For the next 6 months, invest for higher rates, expect protectionism to worsen

PUBLISHED : Thursday, 13 July, 2017, 8:01am
UPDATED : Thursday, 13 July, 2017, 8:01am

Global growth in the first half of the year has been somewhat weaker than expected. We saw growth slowing much more than we anticipated, the US dollar weakening, bond yields falling.

In the second half of 2017, we anticipate a moderate global growth, albeit at a slightly slower pace than that registered in the first half.

Somewhat perplexingly, global inflation dynamics continue to print below consensus estimates, but we see this weakness as temporary and believe major central banks will start to normalise monetary policy over the course of the next two years.

In emerging markets, we note economic activity is softening slightly, particularly in Asia. Importantly, we expect China’s growth to moderate in the third quarter, following two upbeat quarters, not least due to spillovers from recent regulatory and monetary tightening measures.

The financial markets mirror this generally positive backdrop, with equities off to a solid start to the year. But as global growth synchronises, markets are starting to worry about higher interest rates with fixed income markets around the world flashing warning signs in the form of sharply higher long term bond yields.

For now though, earnings rather than expectations of future interest rates will likely guide equities. But the problem is that the growth expectations in per-share earnings over the next 12 months remain too optimistic, in our view. Additionally, valuations have become expensive since the rally and technical indicators have turned neutral, but low volatility and ample liquidity remain supportive. Overall, with macro momentum slowing and the US Federal Reserve on a tightening path, equities are likely to consolidate at current levels.

In the fixed income space, initially, decelerating economic momentum and mixed risk sentiment (especially in commodities) guided bond yields lower in the first half of the year.

This move has started to reverse, rightly, as the markets start to buy into the Fed’s expectations that the “weak growth patch” will soon pass and that a tight labour market will eventually see rising price pressures alongside wages growth.

In a rising yield environment, keep durations short in the US dollar-denominated bonds, with 1-3 year investment grade corporate bonds offering the best risk-reward ratio. In euro-denominated bonds, we continue to favour financials, with insurance subordinated debt still our preferred segment.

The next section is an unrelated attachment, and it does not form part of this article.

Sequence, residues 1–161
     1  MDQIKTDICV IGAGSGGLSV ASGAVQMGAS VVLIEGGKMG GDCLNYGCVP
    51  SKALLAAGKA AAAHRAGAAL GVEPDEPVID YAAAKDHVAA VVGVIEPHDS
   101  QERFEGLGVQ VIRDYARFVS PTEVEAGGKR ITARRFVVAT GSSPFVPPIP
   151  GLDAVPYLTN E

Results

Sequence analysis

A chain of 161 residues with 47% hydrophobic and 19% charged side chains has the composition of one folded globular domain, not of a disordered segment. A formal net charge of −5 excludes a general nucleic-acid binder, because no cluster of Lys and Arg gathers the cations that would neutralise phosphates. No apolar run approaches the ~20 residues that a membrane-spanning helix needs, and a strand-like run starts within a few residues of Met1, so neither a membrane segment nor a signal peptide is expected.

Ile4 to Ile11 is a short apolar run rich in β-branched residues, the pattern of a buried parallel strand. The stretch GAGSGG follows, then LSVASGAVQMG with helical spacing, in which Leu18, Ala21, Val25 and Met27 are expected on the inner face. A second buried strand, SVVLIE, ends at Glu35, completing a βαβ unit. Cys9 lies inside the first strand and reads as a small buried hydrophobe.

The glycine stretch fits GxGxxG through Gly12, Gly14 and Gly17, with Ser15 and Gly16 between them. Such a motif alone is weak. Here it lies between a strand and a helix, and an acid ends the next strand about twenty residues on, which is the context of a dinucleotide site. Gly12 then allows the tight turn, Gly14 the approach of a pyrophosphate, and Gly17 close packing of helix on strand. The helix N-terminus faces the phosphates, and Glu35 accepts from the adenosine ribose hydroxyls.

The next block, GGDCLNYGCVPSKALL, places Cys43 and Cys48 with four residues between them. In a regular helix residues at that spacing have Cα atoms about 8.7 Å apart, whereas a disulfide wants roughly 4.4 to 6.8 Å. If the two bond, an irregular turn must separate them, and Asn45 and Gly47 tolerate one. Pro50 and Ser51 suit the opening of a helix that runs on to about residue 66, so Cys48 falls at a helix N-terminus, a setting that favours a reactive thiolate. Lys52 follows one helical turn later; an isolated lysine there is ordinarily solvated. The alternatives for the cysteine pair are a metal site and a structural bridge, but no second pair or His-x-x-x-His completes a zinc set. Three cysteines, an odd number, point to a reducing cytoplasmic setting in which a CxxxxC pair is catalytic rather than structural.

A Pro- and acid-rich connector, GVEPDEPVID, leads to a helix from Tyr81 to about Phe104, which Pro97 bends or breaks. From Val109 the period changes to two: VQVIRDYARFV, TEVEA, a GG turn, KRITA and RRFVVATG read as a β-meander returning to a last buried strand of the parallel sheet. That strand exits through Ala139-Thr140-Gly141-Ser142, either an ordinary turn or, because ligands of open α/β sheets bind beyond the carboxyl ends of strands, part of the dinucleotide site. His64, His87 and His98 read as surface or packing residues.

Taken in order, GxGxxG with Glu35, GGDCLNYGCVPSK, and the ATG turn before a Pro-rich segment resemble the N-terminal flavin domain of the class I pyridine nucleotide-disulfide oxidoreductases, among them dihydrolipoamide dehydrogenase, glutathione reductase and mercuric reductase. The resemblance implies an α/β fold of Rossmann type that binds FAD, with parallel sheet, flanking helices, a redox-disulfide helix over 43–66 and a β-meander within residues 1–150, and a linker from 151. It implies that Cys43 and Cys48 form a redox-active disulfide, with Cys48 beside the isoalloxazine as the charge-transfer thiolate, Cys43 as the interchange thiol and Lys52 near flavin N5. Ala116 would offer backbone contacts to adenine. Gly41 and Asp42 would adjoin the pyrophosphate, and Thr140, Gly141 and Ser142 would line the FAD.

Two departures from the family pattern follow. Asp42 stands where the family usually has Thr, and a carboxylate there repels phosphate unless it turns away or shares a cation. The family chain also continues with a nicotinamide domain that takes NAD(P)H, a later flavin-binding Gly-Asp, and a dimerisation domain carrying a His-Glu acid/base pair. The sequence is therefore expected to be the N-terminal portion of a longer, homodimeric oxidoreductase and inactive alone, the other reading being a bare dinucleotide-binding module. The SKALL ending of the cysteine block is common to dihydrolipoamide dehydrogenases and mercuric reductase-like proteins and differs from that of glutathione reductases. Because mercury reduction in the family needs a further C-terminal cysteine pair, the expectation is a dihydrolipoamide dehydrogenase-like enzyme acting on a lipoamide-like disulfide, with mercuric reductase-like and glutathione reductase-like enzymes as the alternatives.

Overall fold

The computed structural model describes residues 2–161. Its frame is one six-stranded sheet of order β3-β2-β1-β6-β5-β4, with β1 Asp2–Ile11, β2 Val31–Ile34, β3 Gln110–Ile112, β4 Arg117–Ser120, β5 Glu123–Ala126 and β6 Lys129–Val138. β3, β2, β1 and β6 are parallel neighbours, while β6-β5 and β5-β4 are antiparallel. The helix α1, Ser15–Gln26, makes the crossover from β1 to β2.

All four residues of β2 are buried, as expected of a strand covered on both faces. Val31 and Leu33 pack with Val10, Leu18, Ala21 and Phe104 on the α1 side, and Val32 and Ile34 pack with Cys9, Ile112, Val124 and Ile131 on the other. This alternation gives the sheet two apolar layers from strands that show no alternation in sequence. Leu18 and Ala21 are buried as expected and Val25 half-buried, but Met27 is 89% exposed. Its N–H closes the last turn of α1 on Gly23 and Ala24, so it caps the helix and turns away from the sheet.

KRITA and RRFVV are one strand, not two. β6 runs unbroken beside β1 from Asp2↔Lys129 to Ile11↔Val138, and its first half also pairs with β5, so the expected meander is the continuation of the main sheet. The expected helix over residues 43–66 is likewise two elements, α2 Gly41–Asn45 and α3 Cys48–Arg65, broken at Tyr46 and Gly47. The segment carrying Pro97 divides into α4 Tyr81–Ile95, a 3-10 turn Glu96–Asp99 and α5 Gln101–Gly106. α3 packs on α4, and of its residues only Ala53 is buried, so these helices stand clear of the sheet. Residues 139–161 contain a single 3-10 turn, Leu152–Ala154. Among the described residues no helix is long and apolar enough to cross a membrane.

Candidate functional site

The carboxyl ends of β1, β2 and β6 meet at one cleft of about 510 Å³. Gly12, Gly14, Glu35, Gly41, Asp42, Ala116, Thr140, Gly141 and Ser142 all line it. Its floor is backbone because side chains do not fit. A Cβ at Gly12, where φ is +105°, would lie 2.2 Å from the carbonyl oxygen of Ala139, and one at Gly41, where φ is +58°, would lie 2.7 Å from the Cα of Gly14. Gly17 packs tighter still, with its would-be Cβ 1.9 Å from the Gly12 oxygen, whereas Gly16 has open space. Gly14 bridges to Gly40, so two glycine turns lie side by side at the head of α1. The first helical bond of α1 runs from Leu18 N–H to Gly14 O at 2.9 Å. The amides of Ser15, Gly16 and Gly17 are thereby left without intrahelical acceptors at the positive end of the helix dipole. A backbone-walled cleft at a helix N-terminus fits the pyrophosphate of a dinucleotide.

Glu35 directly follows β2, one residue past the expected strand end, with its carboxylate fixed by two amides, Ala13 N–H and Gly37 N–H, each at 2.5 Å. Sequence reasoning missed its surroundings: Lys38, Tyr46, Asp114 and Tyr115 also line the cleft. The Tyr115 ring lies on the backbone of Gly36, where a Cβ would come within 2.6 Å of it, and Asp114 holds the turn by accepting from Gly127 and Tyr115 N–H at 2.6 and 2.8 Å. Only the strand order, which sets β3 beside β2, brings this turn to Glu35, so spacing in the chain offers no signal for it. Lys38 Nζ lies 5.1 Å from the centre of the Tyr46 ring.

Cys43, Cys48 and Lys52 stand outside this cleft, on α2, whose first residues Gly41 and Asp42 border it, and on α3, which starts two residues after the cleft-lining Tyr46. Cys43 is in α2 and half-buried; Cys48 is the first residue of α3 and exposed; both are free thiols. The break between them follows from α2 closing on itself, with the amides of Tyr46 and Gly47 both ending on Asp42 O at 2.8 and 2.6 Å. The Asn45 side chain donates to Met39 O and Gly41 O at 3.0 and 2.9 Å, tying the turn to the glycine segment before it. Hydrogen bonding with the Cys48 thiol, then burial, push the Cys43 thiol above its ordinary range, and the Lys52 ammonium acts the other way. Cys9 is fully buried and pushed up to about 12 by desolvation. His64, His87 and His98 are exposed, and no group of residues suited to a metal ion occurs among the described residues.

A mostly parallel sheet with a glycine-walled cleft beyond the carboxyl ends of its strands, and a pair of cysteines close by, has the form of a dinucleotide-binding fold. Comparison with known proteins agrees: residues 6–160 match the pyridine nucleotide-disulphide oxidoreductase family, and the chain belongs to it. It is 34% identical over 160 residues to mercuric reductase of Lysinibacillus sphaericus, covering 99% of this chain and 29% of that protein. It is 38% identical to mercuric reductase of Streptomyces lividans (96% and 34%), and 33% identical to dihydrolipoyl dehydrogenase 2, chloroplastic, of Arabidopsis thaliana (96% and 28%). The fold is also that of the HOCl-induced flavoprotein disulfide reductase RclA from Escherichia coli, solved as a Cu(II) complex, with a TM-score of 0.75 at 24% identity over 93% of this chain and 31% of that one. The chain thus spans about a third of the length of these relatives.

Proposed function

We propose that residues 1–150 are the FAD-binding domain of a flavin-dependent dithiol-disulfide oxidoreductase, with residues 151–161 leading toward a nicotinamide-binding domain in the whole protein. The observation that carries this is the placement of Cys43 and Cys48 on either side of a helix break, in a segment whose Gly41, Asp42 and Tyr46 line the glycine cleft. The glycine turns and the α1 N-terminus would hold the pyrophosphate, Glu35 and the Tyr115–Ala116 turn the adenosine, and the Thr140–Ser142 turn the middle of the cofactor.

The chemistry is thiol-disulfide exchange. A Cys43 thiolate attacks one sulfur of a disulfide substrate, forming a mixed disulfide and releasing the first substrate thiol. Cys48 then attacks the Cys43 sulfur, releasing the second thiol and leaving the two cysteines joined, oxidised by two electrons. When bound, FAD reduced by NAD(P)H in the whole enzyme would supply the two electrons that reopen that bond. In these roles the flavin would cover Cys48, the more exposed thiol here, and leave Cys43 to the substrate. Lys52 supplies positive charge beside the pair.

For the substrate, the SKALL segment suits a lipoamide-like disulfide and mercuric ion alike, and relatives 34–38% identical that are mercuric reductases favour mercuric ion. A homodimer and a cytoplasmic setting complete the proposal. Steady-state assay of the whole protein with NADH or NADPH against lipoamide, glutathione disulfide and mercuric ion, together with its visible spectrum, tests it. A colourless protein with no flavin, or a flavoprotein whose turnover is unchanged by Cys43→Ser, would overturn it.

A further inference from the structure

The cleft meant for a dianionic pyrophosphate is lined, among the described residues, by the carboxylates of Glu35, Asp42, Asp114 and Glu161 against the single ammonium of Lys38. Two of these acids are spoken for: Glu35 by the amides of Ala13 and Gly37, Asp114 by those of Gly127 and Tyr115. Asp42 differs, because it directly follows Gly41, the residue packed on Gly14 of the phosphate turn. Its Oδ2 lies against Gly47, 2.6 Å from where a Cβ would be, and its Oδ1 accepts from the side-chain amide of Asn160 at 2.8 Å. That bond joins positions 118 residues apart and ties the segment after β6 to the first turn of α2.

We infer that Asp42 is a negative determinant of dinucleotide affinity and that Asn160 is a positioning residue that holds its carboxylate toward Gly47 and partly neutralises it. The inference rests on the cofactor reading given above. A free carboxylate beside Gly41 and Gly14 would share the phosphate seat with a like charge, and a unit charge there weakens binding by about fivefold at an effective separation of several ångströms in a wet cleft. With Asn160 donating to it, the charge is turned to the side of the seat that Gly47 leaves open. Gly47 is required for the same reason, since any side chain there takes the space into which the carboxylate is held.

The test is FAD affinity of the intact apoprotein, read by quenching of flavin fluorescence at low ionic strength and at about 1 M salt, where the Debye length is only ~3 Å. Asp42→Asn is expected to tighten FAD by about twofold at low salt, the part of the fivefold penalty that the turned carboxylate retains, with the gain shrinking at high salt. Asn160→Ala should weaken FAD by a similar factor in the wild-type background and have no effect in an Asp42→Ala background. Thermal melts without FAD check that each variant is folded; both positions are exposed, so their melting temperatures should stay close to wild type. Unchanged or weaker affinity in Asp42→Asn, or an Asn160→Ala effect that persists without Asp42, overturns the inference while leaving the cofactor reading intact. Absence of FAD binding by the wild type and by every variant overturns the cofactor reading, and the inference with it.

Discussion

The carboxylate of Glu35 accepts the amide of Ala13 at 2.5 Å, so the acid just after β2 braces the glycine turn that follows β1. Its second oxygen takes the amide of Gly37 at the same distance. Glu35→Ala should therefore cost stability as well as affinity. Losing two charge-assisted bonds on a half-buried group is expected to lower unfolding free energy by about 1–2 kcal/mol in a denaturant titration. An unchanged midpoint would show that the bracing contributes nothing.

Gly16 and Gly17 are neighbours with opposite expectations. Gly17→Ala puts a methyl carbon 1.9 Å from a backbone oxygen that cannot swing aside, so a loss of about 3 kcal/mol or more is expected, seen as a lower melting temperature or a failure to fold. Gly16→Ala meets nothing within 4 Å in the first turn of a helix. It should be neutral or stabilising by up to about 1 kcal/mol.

In the exchange rate space, we anticipate the US dollar to strengthen against the euro on support from above-average rate spreads and tightening US monetary policy.

A key risk to our positive dollar view is continuously soft US data, which could derail the Fed from its hiking path, as well as renewed political uncertainty in the USA.

We still see the Japanese yen as the best vehicle to hedge against not just global risks but also any dovish Fed surprises. The yen benefits from safe-haven characteristics, tends to react more strongly to changes in Fed expectations than the euro and is more cheaply valued.

In commodities, we have a positive view on oil and a negative view on gold. For oil, speculative positioning is now much lighter and the extension of supply cuts by the Organisation of Petroleum Exporting Countries (Opec) should accelerate the inventory normalisation process, especially during the summer season.

We see tactical upside in the oil price to the mid-US$50s per barrel, but note that uncertainties loom in 2018. Gold and silver remain heavily dependent on investor flows as demand in the primary market is muted.

In light of our macro view, our investment recommendations for the second half of 2017 are straightforward. Most importantly, invest for rising interest rates, including floating rate notes, investment-grade bonds of short duration, and other income-oriented investments offering resilient and/or rising income streams.

Anticipate a rise in protectionism. Years of hyper globalisation helped reduce inequalities across countries but raised inequalities within countries, leading to the social disenchantment that is now driving political change in many Western countries.

Looking ahead, we expect a period characterised by economic policy that seeks to support domestic consumers and redistribute growth to sectors with high domestic employment. This will likely shift the spotlight to national champions and brands, defence and security and emerging market consumers, areas we consider multi-year investment themes.

Technology at the service of humans is set to remain a key investment topic in the years to come. Digitalization paves the way for innovation, with internet platform companies and firms offering virtual reality and augmented reality technologies among the main beneficiaries. The sheer amount of data that continues to grow strongly will result in opportunities for cyber security and data waste management. This revolution will benefit vendors of semiconductors and robots.

John Woods is Chief Investment Officer, Asia Pacific at Credit Suisse.